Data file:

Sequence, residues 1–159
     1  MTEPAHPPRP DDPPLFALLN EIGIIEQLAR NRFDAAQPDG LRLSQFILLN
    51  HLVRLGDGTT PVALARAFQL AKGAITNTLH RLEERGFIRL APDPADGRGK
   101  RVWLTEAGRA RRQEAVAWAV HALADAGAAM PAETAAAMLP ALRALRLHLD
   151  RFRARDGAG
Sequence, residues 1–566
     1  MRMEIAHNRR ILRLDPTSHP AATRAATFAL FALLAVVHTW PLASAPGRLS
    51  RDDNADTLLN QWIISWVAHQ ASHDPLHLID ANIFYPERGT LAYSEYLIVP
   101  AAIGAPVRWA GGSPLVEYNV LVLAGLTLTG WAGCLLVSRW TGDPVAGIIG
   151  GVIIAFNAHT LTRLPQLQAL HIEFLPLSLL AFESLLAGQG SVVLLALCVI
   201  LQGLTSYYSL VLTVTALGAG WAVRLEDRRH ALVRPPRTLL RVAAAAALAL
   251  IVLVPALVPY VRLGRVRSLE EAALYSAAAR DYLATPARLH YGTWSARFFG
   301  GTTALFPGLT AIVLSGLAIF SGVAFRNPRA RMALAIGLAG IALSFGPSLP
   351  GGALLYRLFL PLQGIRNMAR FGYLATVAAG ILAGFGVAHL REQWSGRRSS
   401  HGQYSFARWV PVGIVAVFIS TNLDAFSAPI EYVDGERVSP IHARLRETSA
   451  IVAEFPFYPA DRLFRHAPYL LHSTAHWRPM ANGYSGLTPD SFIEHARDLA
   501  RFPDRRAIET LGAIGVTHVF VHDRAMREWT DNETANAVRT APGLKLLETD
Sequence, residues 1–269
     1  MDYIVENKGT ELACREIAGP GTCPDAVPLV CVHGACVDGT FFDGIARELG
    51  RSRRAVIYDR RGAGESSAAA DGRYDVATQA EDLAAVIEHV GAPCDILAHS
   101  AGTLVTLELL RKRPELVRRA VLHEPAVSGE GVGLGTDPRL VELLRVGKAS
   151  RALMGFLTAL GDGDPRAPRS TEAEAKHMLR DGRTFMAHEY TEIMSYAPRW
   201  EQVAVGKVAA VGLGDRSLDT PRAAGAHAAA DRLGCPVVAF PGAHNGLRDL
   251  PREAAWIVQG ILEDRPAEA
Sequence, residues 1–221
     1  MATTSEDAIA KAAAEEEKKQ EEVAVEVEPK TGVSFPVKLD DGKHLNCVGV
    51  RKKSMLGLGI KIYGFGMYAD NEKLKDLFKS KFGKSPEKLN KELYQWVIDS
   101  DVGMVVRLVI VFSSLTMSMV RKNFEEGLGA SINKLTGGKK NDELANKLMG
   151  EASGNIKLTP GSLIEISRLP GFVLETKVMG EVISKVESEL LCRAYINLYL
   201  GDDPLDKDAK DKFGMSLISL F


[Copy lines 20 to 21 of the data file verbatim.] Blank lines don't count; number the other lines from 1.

    51  RSRRAVIYDR RGAGESSAAA DGRYDVATQA EDLAAVIEHV GAPCDILAHS
   101  AGTLVTLELL RKRPELVRRA VLHEPAVSGE GVGLGTDPRL VELLRVGKAS